The surfaces of the premaxillae are rugose with the edges elevated above the body of the bone, suggesting that a keratinous shield would have been supported by the rugosities at the tip of the snout. Along the interpremaxillary suture, the area where the two premaxillae meet, the surface is smooth, giving the paired rugosity of the premaxillae the resemblance of a moustache in anterior view.[1]

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Titanosaurus (meaning 'titanic lizard' - named after the mythological 'Titans', deities of Ancient Greece) is a dubious genus of sauropod dinosaurs, first described by Lydekker in 1877.[1] It is known from the Maastrichtian (Upper Cretaceous) Lameta Formation of India.

Titanosaurus is estimated to have grown up to 9–12 metres (30–40 ft) long and up to approximately 13 tons in weight. Wilson and Upchurch (2003) treated Titanosaurus as a nomen dubium ("dubious name") because they noted that the original Titanosaurus specimens cannot be distinguished from those of related animals.[2]


T. blanfordi holotype distal caudal vertebra ((GSI 2195)
As the type genus of Titanosauria, Titanosaurus at times became a wastebasket genus for a number of titanosaurs, including those not just from India but also southern Europe, Laos, and South America. Only two among these, however, are currently considered species of Titanosaurus: T. indicus and T. blandfordi, both of which are considered nomina dubia.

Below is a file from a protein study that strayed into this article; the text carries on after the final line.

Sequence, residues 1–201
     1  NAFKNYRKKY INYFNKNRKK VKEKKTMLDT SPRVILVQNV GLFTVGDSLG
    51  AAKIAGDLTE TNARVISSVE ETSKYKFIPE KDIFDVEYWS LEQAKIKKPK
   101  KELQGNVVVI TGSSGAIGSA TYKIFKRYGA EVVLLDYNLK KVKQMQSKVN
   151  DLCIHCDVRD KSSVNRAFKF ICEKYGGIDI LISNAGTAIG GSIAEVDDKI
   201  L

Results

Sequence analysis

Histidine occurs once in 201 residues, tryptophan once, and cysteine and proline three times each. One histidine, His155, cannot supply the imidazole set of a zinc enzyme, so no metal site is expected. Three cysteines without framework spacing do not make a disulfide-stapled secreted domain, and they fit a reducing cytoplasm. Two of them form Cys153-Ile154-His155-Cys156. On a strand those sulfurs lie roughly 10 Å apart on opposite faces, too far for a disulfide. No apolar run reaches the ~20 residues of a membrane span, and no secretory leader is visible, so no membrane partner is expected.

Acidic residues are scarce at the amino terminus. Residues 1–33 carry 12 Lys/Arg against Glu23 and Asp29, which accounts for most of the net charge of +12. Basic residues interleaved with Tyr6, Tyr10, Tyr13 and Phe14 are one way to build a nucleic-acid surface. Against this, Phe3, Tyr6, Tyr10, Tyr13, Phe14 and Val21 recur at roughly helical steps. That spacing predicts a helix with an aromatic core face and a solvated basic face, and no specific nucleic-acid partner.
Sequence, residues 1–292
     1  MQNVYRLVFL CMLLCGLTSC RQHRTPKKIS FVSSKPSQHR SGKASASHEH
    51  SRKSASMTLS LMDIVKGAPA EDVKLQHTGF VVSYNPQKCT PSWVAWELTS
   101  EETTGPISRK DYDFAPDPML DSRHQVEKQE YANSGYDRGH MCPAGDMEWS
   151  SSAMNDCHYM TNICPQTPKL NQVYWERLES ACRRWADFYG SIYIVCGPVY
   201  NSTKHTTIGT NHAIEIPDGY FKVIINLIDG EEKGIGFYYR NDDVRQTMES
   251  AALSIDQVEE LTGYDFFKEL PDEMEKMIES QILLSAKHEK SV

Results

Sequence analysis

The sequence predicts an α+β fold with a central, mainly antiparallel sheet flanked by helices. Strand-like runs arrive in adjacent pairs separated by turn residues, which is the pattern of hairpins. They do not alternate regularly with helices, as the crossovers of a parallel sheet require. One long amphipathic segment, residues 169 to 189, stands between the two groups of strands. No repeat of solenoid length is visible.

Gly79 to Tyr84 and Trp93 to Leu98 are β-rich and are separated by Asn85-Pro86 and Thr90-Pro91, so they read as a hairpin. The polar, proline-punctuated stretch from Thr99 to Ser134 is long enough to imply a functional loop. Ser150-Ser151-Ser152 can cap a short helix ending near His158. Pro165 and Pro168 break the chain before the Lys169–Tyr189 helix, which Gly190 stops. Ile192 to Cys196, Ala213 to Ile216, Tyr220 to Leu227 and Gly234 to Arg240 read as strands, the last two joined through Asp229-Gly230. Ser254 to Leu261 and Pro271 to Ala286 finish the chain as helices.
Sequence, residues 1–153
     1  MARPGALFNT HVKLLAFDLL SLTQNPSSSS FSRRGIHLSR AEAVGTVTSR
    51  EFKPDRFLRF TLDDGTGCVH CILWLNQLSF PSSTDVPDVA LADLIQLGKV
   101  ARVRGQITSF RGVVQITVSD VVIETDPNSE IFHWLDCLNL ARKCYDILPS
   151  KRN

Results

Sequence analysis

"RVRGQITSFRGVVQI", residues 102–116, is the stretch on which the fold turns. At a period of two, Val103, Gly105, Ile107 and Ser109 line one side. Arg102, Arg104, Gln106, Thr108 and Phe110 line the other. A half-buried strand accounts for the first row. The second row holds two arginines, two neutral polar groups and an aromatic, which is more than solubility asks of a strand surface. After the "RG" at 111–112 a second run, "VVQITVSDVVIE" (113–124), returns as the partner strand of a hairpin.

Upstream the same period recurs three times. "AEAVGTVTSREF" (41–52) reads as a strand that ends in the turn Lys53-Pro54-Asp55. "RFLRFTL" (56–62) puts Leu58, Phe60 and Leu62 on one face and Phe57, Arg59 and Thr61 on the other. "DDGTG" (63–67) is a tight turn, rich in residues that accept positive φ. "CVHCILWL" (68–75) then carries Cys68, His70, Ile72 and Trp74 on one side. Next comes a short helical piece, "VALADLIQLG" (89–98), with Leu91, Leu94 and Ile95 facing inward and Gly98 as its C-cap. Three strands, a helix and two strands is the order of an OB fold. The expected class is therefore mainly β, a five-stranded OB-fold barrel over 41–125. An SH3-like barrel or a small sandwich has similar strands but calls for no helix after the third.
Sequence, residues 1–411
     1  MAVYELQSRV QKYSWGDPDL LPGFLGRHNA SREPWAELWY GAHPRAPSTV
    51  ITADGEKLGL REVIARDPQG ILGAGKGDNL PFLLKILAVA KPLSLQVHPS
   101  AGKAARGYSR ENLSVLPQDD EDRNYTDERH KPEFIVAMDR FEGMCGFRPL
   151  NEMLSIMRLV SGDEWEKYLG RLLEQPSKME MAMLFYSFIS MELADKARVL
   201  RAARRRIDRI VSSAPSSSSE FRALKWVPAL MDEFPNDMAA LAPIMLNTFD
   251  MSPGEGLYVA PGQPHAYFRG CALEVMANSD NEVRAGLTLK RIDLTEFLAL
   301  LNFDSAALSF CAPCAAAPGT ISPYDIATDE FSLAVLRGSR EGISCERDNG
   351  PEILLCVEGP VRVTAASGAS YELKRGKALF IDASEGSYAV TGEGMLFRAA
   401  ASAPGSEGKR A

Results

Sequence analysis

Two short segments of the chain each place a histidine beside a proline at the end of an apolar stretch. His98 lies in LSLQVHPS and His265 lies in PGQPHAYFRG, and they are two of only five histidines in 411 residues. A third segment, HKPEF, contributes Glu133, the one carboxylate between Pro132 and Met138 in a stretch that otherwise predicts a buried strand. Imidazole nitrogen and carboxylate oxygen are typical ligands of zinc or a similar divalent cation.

Other species formerly referred to this genus include:

"Titanosaurus" rahioliensis - Described based on teeth, this species is now considered an indeterminate neosauropod.[2]
"Titanosaurus" colberti - This species was the most well-known species of Titanosaurus, but has been moved into its own genus, Isisaurus.[2][3]
"Titanosaurus" australis - Known from relatively complete remains, but has been renamed Neuquensaurus.[2]
"Titanosaurus" nanus - A small species found to be non diagnostic, and hence a nomen dubium.[2]
"Titanosaurus" robustus - Now referred to Neuquensaurus.[2]
"Titanosaurus" madagascariensis - nomen dubium; UCB 92305 apparently related to Vahiny, while UCM 92829 has been re-assigned to Rapetosaurus.[2]
"Titanosaurus" falloti - This large species, native to Laos, has disputed affinities. It has been considered synonymous with Tangvayosaurus and Huabeisaurus, but the remains are too fragmentary to be sure.[2][4][5]